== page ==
California Mountain King Snakes
Order: Squamata; Family: Colubridae; Species: Lampropeltis zonata multicincta
Range: Southern Washington to northern Baja California.
Habitat: This snake is most often found in moist woodlands in rocky areas, near water, above 1,500 feet in elevation. They spend most of their time underground, under surface objects, or inside rock crevices. Occasionally they are seen active on the ground in the daytime, especially near shaded streams on hot sunny days.
Diet: They are very opportunistic. They will eat other snakes (ophiophagy), lizards, salamanders, rodents, birds, and eggs.
Lifespan: Up to 20 years.
Houdini was stolen from the wild and kept as a pet as a young snake. Unwanted, years later, he was acquired by Turtle Bay in January 2015.
- Because of similar colors and markings, these snakes are sometimes mistaken for the venomous coral snake (not found in California). There’s a saying that will help you distinguish between the two: “Red touching yellow, kill a fellow, red touching black, friend of Jack.”
During very hot weather, activity is primarily nocturnal. This snake is normally active at temperatures between approximately 55 - 85 degrees.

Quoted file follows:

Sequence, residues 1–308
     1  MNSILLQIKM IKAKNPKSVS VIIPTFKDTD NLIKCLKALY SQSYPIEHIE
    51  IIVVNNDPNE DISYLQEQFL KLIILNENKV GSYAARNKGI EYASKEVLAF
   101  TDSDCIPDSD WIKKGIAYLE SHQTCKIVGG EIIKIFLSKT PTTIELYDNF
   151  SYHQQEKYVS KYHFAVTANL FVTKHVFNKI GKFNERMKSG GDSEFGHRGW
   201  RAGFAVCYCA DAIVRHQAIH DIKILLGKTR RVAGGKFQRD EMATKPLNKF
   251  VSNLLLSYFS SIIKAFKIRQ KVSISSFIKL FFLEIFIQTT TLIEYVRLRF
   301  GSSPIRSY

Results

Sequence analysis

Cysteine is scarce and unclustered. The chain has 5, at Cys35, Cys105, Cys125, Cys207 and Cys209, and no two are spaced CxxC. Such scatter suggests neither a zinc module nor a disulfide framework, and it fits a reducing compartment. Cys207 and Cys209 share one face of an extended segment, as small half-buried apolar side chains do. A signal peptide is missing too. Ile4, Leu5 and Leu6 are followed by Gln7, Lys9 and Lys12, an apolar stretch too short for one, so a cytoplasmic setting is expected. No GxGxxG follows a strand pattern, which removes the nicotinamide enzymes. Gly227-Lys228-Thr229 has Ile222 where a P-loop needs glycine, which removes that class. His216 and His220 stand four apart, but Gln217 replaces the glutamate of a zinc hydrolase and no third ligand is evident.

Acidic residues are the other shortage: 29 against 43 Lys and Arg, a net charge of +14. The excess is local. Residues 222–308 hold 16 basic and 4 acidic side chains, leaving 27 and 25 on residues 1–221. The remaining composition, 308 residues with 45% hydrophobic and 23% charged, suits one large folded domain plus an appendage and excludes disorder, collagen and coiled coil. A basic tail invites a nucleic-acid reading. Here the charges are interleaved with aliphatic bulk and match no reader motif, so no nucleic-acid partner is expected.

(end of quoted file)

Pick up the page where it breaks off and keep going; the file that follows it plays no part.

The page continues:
They brumate in the winter (the lowering of body temperature and going into a long dormancy) typically around November, emerging some time from February to April, depending on location and weather conditions.
When slabs are torn off rock outcrops by someone searching for this snake or other reptiles, the habitat this snake uses for refuge is irreparably damaged. It takes thousands of years for this rock fissuring to occur, so this habitat will not be replaced for many centuries. Such rock destruction is illegal in California.
Not considered endangered, but is on the list of California Species of Special Concern
Considered the king of the snakes because they eat other snakes, and have an enzyme in their blood that helps protect them from the effects of a venomous rattlesnake bite.